After decades of quiescence, inflation — that insidious, silent thief — is on the prowl in Britain again, threatening to be the biggest Seventies comeback since the Abba revival.
Worse, the spectre of ‘stagflation’, rapidly rising prices combined with low growth, is scaring the markets. And no one is more alive to the peril than Rishi Sunak.
The Chancellor is acutely aware that inflation is already making people feel a good deal poorer. He knows, too, that it is hitting us just as the Tories are planning hefty tax rises from April next year to help fund social care and the NHS.
esterday, in his speech to the Conservative conference, he defended the tax hikes, arguing that it was immoral to continue piling up more debt for future generations. After the huge Covid support operation, national debt is already more than £2 trillion.
And as Mr Sunak knows only too well, each percentage point rise in retail price inflation adds about £5 billion to the government’s interest bill.
But it is not just the state that will be hit by inflation: its brutal effects on individual families are shown only too clearly by exclusive research for the Daily Mail by the Centre for Economics and Business Research (Cebr).
Using figures from the Office for National Statistics and assuming an average inflation rate of 4.3 per cent in the final three months of 2021, the research found that a typical family of four will have to spend more than £1,800 extra on utilities, clothing, leisure, transport and other costs this year, compared with 2020.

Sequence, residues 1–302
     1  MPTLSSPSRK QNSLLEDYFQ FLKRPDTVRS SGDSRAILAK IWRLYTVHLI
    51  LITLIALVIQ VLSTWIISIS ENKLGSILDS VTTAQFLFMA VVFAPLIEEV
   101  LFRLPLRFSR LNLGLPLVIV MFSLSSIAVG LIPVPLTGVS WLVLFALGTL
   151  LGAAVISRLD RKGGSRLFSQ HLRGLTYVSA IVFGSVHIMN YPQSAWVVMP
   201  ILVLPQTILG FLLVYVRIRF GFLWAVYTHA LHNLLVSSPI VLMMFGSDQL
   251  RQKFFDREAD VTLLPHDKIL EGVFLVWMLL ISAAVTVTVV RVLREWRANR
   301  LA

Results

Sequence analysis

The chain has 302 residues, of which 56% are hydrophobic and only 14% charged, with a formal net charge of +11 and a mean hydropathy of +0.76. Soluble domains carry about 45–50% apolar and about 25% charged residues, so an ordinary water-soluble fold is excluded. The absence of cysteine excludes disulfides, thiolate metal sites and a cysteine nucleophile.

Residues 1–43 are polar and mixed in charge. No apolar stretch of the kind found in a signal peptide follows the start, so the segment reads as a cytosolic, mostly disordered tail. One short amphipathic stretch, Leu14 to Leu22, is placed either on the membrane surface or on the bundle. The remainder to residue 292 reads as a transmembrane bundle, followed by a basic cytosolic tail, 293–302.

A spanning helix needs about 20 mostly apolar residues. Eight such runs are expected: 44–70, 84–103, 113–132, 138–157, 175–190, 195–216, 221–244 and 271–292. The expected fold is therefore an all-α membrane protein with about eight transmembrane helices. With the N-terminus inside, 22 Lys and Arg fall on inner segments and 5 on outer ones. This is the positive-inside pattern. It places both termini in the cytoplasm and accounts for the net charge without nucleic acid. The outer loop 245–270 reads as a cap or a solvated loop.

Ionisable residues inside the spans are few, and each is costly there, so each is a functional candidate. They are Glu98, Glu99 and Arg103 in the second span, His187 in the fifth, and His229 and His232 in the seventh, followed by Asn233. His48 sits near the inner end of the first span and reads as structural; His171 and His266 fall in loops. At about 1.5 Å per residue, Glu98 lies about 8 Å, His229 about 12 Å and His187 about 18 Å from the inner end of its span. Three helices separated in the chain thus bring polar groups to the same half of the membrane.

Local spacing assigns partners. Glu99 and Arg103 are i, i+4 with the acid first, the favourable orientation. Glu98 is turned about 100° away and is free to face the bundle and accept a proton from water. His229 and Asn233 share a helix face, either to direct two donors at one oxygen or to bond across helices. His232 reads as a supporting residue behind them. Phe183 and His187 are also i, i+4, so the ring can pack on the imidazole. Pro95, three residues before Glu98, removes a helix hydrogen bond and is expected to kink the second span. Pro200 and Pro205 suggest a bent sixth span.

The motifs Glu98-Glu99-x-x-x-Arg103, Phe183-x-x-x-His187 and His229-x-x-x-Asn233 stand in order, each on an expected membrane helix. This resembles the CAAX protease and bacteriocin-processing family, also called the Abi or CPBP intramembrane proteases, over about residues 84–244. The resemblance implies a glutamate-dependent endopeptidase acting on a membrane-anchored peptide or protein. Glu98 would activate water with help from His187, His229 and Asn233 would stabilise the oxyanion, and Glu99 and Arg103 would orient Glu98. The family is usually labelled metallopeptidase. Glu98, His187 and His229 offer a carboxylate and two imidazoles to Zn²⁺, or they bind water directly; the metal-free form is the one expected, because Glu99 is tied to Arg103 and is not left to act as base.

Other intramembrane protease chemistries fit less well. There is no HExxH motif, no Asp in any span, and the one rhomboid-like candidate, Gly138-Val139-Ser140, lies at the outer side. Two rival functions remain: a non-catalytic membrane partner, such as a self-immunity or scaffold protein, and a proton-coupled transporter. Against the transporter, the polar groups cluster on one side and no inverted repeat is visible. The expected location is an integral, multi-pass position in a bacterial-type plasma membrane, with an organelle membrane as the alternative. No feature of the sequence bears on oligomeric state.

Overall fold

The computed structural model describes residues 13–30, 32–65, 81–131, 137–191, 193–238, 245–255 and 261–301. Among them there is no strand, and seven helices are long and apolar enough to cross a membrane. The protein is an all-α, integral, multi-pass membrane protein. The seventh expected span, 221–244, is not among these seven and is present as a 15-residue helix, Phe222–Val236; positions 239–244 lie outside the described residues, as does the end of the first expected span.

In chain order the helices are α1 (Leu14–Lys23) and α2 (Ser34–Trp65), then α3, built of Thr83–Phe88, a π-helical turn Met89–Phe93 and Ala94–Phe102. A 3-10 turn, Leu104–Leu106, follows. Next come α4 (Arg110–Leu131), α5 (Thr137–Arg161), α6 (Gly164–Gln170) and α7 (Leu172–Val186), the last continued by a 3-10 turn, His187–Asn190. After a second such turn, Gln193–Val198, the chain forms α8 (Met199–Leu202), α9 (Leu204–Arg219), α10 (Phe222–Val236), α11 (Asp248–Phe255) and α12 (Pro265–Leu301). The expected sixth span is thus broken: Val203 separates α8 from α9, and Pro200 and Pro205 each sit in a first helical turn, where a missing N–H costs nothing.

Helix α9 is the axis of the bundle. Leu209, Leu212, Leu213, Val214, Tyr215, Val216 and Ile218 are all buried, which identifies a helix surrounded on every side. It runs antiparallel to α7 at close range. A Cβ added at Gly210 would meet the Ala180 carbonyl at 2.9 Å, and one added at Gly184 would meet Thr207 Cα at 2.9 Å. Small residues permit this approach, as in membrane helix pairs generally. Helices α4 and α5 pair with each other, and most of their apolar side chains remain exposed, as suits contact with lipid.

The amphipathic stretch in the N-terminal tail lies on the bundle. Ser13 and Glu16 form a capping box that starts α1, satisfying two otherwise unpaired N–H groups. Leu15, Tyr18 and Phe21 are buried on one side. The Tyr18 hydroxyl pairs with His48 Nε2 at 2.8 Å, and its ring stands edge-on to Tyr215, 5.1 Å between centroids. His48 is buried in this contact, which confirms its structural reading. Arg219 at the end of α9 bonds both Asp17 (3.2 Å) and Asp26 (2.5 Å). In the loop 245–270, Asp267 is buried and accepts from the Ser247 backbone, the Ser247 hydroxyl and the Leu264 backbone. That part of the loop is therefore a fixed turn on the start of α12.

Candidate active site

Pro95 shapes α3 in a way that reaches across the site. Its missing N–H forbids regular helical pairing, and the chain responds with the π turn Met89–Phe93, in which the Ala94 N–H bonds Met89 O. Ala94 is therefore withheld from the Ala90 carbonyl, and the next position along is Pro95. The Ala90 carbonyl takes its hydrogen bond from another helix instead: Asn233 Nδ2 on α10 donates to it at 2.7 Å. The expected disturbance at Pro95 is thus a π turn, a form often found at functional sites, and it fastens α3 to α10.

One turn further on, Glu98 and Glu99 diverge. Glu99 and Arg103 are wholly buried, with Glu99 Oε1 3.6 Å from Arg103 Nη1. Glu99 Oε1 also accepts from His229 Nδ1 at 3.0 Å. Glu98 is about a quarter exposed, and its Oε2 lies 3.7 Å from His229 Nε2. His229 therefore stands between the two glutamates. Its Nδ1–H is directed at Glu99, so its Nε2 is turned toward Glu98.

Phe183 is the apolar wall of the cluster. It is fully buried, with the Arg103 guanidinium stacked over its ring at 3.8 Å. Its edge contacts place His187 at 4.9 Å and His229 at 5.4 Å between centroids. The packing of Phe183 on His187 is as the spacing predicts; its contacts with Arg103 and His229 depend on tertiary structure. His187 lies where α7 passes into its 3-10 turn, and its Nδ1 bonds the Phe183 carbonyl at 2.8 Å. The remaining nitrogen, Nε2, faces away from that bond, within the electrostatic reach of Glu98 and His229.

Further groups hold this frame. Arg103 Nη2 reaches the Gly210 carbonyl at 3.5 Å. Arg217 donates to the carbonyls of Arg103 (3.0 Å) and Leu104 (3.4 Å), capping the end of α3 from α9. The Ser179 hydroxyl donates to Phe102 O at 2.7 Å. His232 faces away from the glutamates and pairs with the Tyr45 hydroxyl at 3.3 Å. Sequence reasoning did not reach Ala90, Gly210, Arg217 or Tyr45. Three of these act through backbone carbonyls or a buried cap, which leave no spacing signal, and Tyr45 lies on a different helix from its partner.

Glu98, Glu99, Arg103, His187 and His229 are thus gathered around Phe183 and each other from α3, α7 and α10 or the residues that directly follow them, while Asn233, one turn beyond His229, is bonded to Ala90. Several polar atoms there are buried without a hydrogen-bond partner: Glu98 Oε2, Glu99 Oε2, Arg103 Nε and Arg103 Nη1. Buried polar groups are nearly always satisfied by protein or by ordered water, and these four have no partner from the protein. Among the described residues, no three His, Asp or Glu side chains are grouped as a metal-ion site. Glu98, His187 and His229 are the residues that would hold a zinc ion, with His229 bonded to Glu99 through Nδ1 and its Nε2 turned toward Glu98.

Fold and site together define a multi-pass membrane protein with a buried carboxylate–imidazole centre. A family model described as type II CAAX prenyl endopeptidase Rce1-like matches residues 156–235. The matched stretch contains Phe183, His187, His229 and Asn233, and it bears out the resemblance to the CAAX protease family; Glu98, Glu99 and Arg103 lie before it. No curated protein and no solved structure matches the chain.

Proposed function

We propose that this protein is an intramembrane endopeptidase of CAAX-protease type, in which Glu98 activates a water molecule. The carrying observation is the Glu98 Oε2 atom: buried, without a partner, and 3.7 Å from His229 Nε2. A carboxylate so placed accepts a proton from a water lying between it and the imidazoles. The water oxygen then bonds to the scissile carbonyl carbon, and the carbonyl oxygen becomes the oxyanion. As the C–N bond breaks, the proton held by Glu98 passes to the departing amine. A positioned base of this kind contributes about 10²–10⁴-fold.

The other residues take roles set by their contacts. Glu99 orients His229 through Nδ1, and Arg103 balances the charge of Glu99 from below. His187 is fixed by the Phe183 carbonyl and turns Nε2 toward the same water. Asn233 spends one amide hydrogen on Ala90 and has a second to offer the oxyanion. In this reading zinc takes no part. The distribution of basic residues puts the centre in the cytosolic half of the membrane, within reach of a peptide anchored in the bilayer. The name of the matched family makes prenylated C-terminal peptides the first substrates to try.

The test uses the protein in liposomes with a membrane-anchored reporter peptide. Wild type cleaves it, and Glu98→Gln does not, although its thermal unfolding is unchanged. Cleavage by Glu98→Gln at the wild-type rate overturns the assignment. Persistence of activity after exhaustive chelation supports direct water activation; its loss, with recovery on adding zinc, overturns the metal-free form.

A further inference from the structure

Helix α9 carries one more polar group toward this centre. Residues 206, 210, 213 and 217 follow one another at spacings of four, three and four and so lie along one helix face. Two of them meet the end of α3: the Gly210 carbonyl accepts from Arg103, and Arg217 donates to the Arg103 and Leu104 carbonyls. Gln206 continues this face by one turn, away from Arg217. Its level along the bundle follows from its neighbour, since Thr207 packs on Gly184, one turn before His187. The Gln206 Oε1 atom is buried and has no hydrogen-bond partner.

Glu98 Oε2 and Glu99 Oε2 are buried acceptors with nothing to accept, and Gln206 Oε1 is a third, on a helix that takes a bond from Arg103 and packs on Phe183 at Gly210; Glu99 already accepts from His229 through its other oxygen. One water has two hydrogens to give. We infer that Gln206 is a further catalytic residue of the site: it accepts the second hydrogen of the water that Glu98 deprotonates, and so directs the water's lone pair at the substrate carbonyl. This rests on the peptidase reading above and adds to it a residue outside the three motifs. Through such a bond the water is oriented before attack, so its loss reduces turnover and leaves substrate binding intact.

Essential spending, such as fuel and food, is on course to rise by more than £1,100. Transport alone is likely to cost nearly £500 more.
These are sobering figures. But then, it is hard to overstate the egregious effects of inflation, which impoverishes the thrifty, wrecks the dreams of entrepreneurs and rips at the very fabric of society.
When inflation takes off, household budgeting, which should be no more than a mundane chore, can become a frantic battle as prices increase in the shops.
The cruellest impact can be on pensioners and others on modest fixed incomes — those who cannot negotiate a pay rise to offset the rising costs.
According to our Cebr research, a retired couple will see their living costs rise by more than £1,100 this year compared to last, with an increase of nearly £670 on just their essential bills.
Inflation punishes the prudent, many of them elderly, by trashing the value of hard-earned savings.
If, for example, you put £10,000 into a cash Isa savings account paying a typical interest rate of 0.3 per cent, and inflation is at 4 per cent, over the course of a year you would lose around £360 from your nest-egg.
And those on low incomes will suffer badly.
A couple on just over £13,000 will see their annual spending rise by nearly £900, with an increase of more than £600 on unavoidable costs, according to the Cebr analysis.